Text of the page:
February 9, 2015

Article by Robert Mercado, Assurance Services Partner & James Miller, Assurance Services Sr. Manager, "New Revenue Recognition Standards Require Contractors to Think Differently," Featured in Construction Accounting and Taxation

Construction Accounting & Taxation

By Robert Mercado, Assurance Services Partner & James Miller, Assurance Services Sr. Manager

Featured Robert Mercado, Partner, Assurance

Related Industry Construction

Article by Robert Mercado, Assurance Services Partner & James Miller, Assurance Services Sr. Manager, "New Revenue Recognition Standards Require Contractors to Think Differently," Featured in Construction Accounting and Taxation

Excerpt:

After nearly 1,000 comment letter s, with 350 letters from the construction industry alone, the International Accounting Standards Board (IASB) and the Financial Accounting Standards Board (FASB) published a new joint standard on revenue recognition, replacing most of the existing guidance and taking a major step toward converging Accounting Principles Generally Accepted in the United States (U.S. GAAP) and International Financial Reporting Standards (IFRS). The new standard, Accounting Standards Update (ASU) No. 2014-09, Revenue from Contracts with Customers, joined the Codification of U.S. GAAP as Topic 606, effectively replacing Topic 605, with a corresponding IASB reference of IFRS 15, Revenue from Contracts with Customers.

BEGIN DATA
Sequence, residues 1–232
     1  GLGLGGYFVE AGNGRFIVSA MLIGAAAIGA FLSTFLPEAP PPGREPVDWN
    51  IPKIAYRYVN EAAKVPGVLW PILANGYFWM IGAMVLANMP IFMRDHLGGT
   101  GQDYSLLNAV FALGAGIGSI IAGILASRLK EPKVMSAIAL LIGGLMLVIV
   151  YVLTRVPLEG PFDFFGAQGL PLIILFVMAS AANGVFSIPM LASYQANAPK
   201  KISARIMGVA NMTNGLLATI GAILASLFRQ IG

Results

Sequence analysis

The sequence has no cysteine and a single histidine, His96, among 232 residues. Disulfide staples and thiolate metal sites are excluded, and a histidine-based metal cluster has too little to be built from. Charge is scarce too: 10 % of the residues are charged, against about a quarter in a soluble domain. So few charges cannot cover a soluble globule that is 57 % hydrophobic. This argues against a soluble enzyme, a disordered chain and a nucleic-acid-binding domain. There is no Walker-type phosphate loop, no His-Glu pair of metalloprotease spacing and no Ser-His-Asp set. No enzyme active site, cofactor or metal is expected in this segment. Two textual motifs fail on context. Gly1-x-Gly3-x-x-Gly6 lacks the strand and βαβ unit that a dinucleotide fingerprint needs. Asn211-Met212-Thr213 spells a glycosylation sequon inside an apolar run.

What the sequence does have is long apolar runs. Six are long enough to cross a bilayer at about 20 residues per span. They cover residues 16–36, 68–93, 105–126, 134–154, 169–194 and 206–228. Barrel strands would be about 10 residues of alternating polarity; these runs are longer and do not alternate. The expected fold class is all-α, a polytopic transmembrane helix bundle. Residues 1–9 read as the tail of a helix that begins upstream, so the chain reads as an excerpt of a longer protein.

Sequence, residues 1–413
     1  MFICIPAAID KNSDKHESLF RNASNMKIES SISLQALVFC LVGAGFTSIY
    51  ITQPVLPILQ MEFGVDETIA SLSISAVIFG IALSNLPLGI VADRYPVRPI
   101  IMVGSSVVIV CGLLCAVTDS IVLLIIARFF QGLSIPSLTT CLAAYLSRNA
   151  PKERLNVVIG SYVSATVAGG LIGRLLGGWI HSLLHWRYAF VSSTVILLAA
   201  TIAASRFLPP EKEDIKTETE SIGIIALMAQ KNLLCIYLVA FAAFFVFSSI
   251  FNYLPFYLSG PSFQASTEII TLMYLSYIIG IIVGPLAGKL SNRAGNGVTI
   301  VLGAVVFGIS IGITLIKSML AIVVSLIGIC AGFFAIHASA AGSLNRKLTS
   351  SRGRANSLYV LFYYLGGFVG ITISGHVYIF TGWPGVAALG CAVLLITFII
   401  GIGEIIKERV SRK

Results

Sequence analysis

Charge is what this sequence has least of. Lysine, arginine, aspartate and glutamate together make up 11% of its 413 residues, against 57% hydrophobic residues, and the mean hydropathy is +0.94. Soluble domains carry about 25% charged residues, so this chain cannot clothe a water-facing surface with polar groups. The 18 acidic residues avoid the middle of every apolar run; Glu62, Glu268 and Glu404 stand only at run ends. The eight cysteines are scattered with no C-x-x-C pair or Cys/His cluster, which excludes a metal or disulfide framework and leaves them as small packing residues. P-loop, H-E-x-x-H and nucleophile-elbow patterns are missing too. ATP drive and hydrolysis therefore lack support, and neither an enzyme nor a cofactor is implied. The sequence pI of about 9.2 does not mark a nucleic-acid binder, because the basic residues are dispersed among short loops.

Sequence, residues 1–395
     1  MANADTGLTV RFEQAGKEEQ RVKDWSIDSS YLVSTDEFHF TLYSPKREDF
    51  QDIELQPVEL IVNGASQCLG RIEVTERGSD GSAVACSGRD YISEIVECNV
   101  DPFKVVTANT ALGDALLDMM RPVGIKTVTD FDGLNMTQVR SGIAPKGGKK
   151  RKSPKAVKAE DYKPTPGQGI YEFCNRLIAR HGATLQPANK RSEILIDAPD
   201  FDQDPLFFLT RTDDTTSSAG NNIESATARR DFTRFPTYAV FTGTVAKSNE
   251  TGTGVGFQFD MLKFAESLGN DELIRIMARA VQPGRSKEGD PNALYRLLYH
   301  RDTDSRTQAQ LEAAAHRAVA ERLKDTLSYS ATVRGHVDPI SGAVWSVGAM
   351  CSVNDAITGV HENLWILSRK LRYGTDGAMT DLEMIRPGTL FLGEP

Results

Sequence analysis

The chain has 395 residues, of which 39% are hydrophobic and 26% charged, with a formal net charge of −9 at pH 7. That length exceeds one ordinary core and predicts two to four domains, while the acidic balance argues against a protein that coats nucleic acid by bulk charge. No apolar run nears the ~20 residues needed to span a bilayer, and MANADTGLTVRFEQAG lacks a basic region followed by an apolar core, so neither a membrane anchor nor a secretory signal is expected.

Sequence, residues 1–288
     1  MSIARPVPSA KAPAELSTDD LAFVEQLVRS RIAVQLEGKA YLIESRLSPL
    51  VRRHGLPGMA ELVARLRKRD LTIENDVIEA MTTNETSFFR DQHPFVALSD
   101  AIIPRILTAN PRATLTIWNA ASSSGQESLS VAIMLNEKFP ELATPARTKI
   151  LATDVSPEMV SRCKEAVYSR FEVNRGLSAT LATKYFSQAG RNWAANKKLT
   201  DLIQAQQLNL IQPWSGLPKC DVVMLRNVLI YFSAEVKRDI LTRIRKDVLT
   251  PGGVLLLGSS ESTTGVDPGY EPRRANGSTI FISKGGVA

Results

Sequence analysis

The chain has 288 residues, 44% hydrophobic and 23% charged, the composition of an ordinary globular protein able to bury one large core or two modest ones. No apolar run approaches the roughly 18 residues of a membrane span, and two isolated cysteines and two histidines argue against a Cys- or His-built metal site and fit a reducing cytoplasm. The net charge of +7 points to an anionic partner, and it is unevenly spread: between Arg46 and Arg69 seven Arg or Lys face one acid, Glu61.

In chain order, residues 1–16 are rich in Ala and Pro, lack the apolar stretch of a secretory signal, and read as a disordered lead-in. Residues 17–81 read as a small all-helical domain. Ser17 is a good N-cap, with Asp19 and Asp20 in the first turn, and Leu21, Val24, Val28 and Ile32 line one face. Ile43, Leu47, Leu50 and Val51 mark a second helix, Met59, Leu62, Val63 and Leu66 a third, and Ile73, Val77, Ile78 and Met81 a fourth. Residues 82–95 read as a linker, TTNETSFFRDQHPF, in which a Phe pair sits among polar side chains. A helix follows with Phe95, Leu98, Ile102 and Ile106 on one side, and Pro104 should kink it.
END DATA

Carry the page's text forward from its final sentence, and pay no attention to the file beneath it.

The new requirements will affect different companies in different ways but will require all contractors to assess the extent of the impact – including extensive new disclosure requirements aimed to enable financial statement users to understand the nature, amount, timing, and uncertainty of revenue and cash flows arising from contracts with customers. Additionally, contractors will have to assess potential changes to systems and processes to collect data. The new standard moves away from the industry- and transaction- specific requirements under U.S. GAAP, which are also used by some IFRS preparers in the absence of specific IFRS guidance.

Depending on whether certain criteria are met, revenue is either recognized overtime (in a manner that depicts the contractor’s performance) or at a point in time (when control of the goods or services is transferred to the customer). Contractors will apply a five-step model to determine when to recognize revenue, and at what amount. The following list specifies that revenue should be recognized when (or as ) a contractor transfers control of goods or services to a customer at the amount to which the contractor expects to be entitled:

  1. Identify the contract with a customer.
  2. Identify performance obligations.
  3. Determine the transaction price.
  4. Allocate the transaction price.
  5. Recognize revenue.

Click here to read a PDF version of the article >>

Featured

Robert  Mercado

Robert Mercado

Partner

  • Assurance
  • New Haven, CT